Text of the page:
On 12 July 1942, the Prime Minster, Winston Churchill informed General Auchinleck that there no available divisions that could be sent to the northern front by October. At this date, there still had to be negotiations with the Americans about future plans and dispositions. Churchill recommended beating Rommel as the best solution for now. The General Staff expected that the winter would postpone the threat in the north until spring 1943.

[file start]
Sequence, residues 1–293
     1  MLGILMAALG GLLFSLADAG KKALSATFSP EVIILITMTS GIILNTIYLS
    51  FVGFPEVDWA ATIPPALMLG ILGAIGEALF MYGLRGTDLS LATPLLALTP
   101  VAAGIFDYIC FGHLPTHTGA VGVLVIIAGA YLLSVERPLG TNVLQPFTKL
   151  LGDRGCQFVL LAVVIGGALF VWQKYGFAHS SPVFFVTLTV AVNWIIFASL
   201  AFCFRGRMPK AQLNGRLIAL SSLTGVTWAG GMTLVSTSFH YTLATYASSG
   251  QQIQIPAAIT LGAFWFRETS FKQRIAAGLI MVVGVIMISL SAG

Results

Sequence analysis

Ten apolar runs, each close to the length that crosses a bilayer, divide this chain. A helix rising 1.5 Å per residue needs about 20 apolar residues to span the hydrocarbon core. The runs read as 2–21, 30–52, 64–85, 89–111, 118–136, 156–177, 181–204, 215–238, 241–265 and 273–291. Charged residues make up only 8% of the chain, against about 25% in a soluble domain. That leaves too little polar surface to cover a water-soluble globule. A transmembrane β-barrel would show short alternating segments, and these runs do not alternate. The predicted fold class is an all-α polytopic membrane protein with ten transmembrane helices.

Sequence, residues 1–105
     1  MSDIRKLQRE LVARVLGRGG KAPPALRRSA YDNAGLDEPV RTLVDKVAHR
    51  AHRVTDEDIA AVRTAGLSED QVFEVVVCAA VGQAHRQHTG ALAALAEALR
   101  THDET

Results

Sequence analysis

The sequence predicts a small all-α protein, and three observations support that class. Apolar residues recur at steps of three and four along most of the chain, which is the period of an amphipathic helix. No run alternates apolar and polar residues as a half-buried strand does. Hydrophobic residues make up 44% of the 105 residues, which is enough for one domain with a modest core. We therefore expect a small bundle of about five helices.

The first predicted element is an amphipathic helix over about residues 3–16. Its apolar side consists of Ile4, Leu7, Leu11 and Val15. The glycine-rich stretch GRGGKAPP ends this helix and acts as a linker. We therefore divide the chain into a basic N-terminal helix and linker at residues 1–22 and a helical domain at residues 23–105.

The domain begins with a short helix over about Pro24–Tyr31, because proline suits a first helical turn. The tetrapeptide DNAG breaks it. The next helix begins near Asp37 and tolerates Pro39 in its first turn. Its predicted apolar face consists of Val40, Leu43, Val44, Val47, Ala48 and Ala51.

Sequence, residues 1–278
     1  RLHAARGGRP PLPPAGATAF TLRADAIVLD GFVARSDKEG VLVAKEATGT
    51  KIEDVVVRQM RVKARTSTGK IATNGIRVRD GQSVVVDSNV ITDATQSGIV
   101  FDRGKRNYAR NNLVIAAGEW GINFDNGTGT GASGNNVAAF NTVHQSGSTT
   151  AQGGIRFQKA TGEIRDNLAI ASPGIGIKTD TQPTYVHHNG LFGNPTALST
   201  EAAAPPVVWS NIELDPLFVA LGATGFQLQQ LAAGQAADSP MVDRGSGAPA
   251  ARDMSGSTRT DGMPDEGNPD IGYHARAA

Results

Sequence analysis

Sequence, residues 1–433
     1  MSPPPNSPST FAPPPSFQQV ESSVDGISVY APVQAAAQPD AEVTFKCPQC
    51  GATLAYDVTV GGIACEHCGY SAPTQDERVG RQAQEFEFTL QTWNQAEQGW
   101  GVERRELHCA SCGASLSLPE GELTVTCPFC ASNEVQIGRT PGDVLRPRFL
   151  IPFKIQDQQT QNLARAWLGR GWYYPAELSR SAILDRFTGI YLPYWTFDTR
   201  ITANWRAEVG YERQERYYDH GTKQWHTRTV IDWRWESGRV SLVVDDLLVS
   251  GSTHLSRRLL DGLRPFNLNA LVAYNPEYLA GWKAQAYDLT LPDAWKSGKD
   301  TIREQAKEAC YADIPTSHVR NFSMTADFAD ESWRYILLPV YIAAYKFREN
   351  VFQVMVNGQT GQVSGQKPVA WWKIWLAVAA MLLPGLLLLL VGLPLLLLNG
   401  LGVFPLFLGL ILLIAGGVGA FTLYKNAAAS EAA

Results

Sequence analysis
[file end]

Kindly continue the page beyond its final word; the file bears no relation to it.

Churchill had long been an Auchinleck supporter. He had from early on encouraged him to take command of the army in the field. Auchinleck had always thought that taking command of the army would cause the overall theater command to suffer, so he kept looking for subordinates to fill in as proxies in the army command. By May 1942, Churchill had become increasingly irritated that Auchinleck would not step in and command the army when Churchill had urged him to do so. By the time of his visit to the Middle East in the fall of 1942, Churchill decided that new commanders were needed in the Middle East to fight Rommel. He would move Auchinleck to a different command in the area (Iraq and Persia). Churchill wanted General Brook, the CIGS, to theater commander, but he demurred. Instead, Harold Alexander was become theater commander with Lt-General Gott as the 8th Army commander. These plans were disrupted when General Gott was killed when a Bombay was intercepted by German fighters, was forced down, and destroyed. This is based on the account in Vol.III of the Official History.